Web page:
“There are likely to be populist movements on the left that will continue in future Occupy-type movements, Black Lives Matter and the ‘sanctuary city’ immigration movement,” Lowndes said.

INSTITUTIONS AND IMMIGRATION: On the right side of the political aisle, a hallmark of populism is distrust of the government and other institutions, Lowndes said.

As an ostensibly populist president, Trump is likely to continue to challenge status quo institutions such as the courts, when they oppose him on matters such as national security, or the media, when he believes he’s been subjected to unfair coverage.

The bigger question is whether Trump will be able to translate his populist momentum into policy. That will hinge primarily on whether items in his agenda will require cooperation with Congress.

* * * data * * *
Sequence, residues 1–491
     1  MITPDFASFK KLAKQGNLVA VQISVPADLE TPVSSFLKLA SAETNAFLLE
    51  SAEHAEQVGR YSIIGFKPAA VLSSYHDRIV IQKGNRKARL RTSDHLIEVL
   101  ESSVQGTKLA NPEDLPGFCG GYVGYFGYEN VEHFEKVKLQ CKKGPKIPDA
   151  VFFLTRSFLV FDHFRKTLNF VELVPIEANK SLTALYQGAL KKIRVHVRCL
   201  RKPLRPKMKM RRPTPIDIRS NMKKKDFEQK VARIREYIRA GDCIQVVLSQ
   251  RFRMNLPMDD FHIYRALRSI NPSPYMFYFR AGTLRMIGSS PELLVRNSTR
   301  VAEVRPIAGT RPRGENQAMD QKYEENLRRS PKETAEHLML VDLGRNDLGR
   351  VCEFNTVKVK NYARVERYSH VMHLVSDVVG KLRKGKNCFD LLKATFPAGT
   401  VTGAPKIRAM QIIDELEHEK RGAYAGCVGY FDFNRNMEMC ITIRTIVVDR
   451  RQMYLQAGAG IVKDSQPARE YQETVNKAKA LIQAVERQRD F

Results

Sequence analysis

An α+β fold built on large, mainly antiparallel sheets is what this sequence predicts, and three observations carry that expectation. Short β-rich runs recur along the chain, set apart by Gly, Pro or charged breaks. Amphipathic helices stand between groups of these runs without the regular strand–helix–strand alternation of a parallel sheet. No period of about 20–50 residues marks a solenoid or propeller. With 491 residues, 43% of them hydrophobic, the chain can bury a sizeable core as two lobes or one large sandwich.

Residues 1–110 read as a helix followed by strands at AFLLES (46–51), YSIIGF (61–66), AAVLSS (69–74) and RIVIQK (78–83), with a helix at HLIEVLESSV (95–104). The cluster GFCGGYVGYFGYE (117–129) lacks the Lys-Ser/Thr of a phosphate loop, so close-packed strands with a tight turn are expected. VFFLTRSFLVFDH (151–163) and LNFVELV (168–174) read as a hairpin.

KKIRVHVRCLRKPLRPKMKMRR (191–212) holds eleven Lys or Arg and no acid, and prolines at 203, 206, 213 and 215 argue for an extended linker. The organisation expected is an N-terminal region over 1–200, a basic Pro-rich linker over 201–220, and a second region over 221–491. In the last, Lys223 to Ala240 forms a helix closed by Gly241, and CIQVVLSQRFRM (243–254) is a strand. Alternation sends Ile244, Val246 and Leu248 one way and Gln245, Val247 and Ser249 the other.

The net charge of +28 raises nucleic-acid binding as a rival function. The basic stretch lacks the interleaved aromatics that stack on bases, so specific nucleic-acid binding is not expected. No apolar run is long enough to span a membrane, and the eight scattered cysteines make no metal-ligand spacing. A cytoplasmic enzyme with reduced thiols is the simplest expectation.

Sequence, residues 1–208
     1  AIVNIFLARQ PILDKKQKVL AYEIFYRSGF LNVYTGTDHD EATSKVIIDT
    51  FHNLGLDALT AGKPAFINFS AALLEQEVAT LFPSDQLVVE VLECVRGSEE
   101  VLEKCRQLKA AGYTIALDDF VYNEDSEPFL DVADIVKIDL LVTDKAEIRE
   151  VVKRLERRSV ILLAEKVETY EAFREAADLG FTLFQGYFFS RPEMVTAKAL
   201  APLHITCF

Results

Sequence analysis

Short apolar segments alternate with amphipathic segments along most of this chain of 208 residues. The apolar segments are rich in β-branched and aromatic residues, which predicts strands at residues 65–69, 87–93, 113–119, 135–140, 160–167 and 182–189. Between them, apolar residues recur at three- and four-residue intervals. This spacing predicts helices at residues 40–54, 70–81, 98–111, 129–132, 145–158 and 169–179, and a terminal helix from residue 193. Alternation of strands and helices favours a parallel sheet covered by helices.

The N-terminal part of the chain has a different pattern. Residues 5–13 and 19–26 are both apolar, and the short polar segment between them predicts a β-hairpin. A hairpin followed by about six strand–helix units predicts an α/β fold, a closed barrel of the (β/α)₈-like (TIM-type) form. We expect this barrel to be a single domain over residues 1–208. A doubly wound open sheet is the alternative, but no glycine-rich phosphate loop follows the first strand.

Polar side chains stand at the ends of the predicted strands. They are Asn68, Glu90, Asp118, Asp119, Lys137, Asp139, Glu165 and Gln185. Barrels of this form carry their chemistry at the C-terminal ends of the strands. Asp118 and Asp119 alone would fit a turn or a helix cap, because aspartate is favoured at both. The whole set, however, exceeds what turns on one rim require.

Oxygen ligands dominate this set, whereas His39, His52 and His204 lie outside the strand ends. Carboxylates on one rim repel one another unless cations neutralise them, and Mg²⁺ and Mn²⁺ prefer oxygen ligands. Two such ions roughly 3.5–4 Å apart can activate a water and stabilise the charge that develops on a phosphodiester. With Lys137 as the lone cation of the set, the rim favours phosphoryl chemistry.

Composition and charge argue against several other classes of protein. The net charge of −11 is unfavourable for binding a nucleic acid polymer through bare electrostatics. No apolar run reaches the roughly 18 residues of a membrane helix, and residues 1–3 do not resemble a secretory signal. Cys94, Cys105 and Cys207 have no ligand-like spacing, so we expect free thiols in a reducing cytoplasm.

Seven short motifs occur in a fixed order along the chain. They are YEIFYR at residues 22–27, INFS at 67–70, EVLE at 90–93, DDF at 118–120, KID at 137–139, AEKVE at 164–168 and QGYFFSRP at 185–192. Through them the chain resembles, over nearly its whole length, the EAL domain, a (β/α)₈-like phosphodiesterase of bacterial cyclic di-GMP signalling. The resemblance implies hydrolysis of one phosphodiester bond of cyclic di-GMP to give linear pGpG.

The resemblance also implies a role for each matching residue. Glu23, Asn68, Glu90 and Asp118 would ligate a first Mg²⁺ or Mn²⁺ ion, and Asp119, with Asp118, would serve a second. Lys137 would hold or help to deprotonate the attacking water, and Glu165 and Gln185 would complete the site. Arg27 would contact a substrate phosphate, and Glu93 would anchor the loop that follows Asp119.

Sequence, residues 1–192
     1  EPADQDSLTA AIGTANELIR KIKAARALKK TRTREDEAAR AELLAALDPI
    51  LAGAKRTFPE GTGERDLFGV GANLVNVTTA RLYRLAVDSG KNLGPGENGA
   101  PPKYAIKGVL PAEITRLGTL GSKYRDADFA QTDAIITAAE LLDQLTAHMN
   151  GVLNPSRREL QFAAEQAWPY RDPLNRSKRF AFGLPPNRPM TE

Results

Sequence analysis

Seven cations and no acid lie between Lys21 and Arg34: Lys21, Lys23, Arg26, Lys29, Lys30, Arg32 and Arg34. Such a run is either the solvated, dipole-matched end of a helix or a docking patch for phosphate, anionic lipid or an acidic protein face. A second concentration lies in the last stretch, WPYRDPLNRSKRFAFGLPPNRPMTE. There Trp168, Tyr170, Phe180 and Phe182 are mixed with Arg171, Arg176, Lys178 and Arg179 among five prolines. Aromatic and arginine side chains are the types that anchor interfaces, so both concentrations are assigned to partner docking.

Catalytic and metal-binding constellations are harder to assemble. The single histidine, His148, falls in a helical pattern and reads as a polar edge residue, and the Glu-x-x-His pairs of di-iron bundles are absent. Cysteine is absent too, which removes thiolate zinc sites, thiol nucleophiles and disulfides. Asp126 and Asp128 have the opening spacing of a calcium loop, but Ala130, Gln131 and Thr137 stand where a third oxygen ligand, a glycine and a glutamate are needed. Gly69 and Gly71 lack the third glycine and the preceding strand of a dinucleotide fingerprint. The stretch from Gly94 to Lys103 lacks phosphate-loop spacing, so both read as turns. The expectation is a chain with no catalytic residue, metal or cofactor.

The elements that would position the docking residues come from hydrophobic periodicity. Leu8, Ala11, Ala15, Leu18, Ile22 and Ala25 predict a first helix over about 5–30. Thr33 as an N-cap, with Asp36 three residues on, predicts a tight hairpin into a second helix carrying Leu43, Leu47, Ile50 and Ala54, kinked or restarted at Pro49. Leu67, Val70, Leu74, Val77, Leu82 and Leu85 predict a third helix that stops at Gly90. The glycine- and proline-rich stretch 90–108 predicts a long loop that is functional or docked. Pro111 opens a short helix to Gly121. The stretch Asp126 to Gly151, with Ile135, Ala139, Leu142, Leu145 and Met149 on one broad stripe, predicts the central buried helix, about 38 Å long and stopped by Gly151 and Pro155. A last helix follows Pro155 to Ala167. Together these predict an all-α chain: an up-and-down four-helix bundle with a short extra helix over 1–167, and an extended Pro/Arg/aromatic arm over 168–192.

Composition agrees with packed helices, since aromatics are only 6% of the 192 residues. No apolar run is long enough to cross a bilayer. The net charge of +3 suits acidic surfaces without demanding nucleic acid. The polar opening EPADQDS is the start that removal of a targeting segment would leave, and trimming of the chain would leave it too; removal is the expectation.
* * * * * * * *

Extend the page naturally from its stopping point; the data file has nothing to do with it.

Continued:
Where Trump is “unconstrained” by his need to work with lawmakers or other institutions, Lowndes said, he can use executive authority to advance priorities of his populist base.

And he already has, with regard to deportation. After promising to remove 11 million undocumented immigrants, the new president signed an executive order just days after taking office that unleashed the full force of the federal government to find, arrest and deport many of them.

TRADE WARS AND REAL WARS: Regarding proposals that require legislative support, Trump will be forced to balance preferences of the far right with those of the mainstream Republican Party.

Right-wing populists generally view the international arena as filled with competitors or enemies of their country, Lowndes said. That is echoed in Trump’s calls for tighter restrictions on foreign trade and an at-times adversarial stance toward international alliances such as NATO.

But making—or breaking—treaties must be done in conjunction with the Senate, where it’s unclear if a “protectionist” approach will prevail over conservatives who favor open trade and international partnerships, Lowndes said.